WHAT TO DO The Schooner Inn rents bikes for exploring nearby communities. Hurricanes, at the Fire Island Hotel, has live music on Friday nights and on Saturday and Sunday afternoons.
INSIDER'S TIP Use caution when swimming, since there are no lifeguards on duty at the beach here, and riptides are famously powerful.
CHERRY GROVE Lively LGBTQ social scene
Cherry Grove has a long history as a bohemian summer retreat, and it is still a favorite of artists, writers and actors. The LGBTQ community was welcome on Fire Island long before the watershed Stonewall uprising and made Cherry Grove (and the Fire Island Pines) its own. Vacationers of all stripes love the Grove for its colorful drag shows, lively nightlife and down-to-earth vibe.
WHERE TO STAY The Grove Hotel (631-597-6600, grovehotel.com), a town fixture since 1957, burned to the ground in 2015 but has risen from the ashes, with more spacious guest rooms and a familiar lineup of entertainment in its nightclub, the Ice Palace. The most architecturally distinctive lodging on Fire Island may be the Venetian-inspired Belvedere Guest House for Men (631-597-6448, belvederefireisland.com). Rooms in the palatial structure range from economy (four to a room with a shared bath) to luxury (water views, king bed, private bath). Clothing is optional. Dune Point (631-597-6261, dunepointfireisland.com), an oceanfront guesthouse, has cutely decorated rooms and suites with kitchenettes.
WHERE TO EAT AND DRINK Sand Castle (631-597-4174, fireislandsandcastle.com) serves contemporary cuisine, offering grain bowls and sandwiches like their signature lobster roll at lunch, interesting entrees like seared tuna tataki for dinner, and plenty of vegan and gluten-free options. Top of the Bay Bistro (631-597-6028, topofthebaycherrygrove.com) is a lovely New American spot, serving seared scallops with cauliflower puree and braised short ribs with pesto mashed potatoes, accompanied by spectacular sunsets. For breakfast and brunch, you can’t go wrong at Floyd’s (158 Bayview Walk, 631-597-3569), where all baking is done on premises and specialties include sticky buns, challah French toast and housemade granola.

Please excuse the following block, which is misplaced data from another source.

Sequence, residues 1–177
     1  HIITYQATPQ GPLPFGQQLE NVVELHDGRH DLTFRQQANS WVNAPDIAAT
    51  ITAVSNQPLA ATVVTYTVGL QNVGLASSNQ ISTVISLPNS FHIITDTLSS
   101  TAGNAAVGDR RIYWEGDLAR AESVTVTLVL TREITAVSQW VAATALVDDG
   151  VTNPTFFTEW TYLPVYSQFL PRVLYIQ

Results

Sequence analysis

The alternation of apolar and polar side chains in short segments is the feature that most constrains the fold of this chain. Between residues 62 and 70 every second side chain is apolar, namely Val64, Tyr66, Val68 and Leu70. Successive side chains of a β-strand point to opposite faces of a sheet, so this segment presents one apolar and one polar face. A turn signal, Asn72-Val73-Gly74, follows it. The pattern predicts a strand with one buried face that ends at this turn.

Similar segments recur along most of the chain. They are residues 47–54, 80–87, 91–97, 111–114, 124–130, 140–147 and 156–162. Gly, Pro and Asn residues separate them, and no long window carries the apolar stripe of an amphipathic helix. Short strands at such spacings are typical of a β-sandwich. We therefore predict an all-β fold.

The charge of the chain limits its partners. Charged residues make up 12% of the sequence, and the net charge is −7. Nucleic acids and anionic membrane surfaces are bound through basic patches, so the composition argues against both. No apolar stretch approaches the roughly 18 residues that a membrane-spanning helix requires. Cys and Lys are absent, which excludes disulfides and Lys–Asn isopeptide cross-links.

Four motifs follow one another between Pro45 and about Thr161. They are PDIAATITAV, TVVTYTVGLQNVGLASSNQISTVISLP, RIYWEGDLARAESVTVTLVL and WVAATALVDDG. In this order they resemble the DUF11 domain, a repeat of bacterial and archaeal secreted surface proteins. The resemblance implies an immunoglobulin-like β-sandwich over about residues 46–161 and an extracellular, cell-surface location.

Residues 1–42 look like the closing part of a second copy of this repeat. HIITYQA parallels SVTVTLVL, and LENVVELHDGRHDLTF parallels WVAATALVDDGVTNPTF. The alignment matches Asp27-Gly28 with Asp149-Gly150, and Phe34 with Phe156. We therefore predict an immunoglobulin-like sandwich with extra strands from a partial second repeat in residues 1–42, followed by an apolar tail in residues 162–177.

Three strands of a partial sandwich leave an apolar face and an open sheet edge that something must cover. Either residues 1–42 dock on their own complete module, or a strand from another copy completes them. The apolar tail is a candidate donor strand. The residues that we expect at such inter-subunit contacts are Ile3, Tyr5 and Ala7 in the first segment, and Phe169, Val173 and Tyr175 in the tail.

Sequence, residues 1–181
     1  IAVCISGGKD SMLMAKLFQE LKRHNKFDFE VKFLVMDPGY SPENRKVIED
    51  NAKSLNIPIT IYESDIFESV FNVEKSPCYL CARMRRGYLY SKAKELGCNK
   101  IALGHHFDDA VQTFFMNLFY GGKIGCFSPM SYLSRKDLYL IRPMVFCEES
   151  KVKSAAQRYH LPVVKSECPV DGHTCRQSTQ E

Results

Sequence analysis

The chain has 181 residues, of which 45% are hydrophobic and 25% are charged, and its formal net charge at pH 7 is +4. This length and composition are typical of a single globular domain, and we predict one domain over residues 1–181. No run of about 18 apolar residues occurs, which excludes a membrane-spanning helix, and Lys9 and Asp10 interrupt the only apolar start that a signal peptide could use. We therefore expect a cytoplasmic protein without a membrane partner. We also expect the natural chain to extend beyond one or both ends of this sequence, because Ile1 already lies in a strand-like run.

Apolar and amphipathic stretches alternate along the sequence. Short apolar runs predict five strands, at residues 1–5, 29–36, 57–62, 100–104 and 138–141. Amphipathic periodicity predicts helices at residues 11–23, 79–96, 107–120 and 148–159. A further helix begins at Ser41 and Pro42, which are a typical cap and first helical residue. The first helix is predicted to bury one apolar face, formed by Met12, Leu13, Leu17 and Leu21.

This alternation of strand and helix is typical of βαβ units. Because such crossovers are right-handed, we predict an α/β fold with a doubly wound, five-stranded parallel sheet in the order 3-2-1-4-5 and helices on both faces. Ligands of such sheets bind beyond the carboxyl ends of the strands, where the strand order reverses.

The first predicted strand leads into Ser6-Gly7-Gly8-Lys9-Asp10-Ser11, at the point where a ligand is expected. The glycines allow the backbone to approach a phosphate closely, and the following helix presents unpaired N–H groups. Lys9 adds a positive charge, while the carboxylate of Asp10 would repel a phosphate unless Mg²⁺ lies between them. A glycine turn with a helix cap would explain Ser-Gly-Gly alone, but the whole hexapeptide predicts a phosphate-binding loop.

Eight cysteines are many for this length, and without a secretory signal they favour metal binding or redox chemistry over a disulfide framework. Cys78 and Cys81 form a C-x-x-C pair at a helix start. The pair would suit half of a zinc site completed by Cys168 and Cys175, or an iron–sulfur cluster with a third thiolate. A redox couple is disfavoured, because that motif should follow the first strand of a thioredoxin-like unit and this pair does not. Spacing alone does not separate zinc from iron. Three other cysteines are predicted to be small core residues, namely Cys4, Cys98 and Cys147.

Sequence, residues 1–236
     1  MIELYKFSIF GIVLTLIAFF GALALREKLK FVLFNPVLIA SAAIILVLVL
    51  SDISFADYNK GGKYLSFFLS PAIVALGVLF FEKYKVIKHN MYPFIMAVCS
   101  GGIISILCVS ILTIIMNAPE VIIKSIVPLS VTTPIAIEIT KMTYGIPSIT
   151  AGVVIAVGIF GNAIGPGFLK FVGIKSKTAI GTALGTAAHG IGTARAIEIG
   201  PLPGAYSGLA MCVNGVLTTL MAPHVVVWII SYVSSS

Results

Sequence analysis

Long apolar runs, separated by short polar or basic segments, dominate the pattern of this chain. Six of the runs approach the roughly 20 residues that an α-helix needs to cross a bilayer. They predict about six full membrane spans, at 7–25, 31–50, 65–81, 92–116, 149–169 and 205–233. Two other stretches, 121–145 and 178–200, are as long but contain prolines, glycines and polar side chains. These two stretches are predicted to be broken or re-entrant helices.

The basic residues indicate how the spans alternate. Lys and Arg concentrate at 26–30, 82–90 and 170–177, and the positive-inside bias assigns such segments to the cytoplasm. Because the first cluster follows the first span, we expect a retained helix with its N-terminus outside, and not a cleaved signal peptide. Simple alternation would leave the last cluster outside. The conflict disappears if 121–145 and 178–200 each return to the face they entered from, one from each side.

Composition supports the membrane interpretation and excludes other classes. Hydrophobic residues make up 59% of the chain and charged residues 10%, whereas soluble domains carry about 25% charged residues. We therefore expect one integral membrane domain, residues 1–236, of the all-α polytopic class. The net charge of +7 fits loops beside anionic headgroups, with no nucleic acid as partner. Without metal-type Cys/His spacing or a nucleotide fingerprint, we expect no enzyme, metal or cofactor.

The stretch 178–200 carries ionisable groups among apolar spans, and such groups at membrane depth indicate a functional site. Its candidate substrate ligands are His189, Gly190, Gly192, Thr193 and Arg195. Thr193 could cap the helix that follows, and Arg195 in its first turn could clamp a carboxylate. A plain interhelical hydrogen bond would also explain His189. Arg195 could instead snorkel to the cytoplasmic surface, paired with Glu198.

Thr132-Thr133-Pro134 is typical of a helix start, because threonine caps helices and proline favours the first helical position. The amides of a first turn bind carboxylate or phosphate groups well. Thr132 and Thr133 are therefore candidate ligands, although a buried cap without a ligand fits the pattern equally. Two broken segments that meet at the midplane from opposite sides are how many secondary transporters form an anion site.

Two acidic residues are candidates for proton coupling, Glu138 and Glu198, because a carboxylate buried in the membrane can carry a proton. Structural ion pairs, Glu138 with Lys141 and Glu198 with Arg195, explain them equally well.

WHAT TO DO Nightlife abounds. Cherry’s on the Bay (631-597-7859, cherrysonthebay.com) offers dinner and a show (“Dining with the Divas”) on Mondays; drag performer Hedda Lettuce doing stand-up, song and dance on Sundays and Tuesdays; and dancing with DJs on Fridays and Saturdays. The Island Breeze (631-597-9111, theislandbreeze.com) offers drag bingo on Thursdays at 5 p.m.
A diverse, arty and historic community, it has been welcoming the LGBTQ community since the 1930s. The Cherry Grove Community House and Theater (artsprojectcg.org) has also been named to the National Register of Historic Places for, “the enormous role it played in shaping what gradually evolved into America’s First Gay and Lesbian Town.”
INSIDER'S TIP There are two annual drag contests in Cherry Grove: the Homecoming Queen show (artsprojectcg.org) during Memorial Day Weekend and the Miss Fire Island contest (grovehotel.com/miss-fire-island) the weekend after Labor Day. Both require tickets, which are available online in advance.
THE PINES History, architecture & gay culture
This LGBTQ-centric community is the island’s most architecturally distinguished, with an unparalleled collection of modernist beach architecture by the likes Horace Gifford, Andrew Geller and Don Page. A little quieter and more low-key than Cherry Grove, it still offers plenty of opportunities for socializing by the sea, including high, middle and low tea dances (a Pines ritual since 1966) every day of the week in season.
WHERE TO STAY The Madison Fire Island Pines (631-597-6061, themadisonfi.com) is a bed-and-breakfast with bright and airy rooms, in photo, a pool and a pretty roof deck. The Hotel by ShareGurl (hotel.sharegurl.com) is a cleaned-up incarnation of the infamous Botel, with basic but affordable rooms for two to four guests. Go to sharegurl.com to rent Pines homes by the week.
WHERE TO EAT AND DRINK Canteen (pinesfi.com/canteen) is a casual spot a few steps above Harbor Walk, great for a light breakfast, lunch or dinner with a side of people-watching. Pines Bistro & Martini Bar (631-597-6862, pinesfi.com/pinesbistro) is an upscale choice, an elegant Italian place located on the second floor of a Fire Island Boulevard building and above the crowds. Go to The Blue Whale (631-597-6500, pinesfi.com/bluewhale), order a Blue Whale (made with Blue Curaçao and vodka) and enjoy the full schedule of events that includes Saturday drag brunch and a cabaret.